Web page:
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Restorative Justice 'can be justified' in serious cases

May 08, 2013

from the article by Jack Sommers in Police Oracle:

Frontline officers have a judgement call to make when deciding whether victims of more serious offences would benefit from Restorative Justice (RJ) rather than a prosecution, a senior officer has said.

ACC Garry Shewan, who leads on justice and community resolutions for the Association of Chief Police Officers (ACPO), said there was not a “simple formula” and there was no prescribed list of offences for which Restorative Justice could be used.

His comments come after the Labour Party published statistics showing RJ was used on 33,763 occasions for offences involving violence in 2012, 10,160 of which involved serious violence and injury. The party claimed its use for violent offences had doubled since 2009 and Shadow Home Secretary Yvette Cooper called on the government to issue “strong guidance” to ensure it was only used for less serious offences.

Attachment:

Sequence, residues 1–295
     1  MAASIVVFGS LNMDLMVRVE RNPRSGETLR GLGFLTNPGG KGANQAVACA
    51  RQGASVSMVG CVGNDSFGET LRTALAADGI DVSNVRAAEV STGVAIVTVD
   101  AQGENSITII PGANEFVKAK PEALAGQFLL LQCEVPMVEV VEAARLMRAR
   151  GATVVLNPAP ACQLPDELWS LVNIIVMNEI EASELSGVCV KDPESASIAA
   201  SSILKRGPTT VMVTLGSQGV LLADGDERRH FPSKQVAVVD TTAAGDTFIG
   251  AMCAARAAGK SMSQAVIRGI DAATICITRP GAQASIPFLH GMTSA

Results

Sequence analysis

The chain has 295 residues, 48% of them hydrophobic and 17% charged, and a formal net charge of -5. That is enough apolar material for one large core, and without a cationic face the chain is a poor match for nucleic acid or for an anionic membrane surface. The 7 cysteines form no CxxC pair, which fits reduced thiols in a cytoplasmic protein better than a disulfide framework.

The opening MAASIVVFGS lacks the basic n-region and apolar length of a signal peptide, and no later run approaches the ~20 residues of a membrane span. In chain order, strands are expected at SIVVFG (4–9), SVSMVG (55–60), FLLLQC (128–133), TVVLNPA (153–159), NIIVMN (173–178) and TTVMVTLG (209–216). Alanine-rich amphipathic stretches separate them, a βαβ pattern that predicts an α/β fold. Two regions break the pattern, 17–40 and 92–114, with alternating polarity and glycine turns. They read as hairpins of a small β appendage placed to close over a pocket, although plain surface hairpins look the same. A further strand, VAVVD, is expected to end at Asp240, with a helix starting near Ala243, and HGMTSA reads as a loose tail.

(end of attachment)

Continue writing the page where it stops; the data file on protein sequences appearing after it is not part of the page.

The party said that ACPO’s guidance says Restorative Justice should only be used to resolve less serious offences such as anti-social behaviour incidents.

But ACC Shewan said: “Guidelines are in place to help forces decide where the use of community resolutions might be appropriate but in every case, this decision will be victim-led and reflect their views and wishes.

“While in the main they are used to deal with less serious offences, there is no simple formula. At times it may be necessary, and appropriate, to use such informal resolutions to deal with more serious cases.”

Read the whole article.

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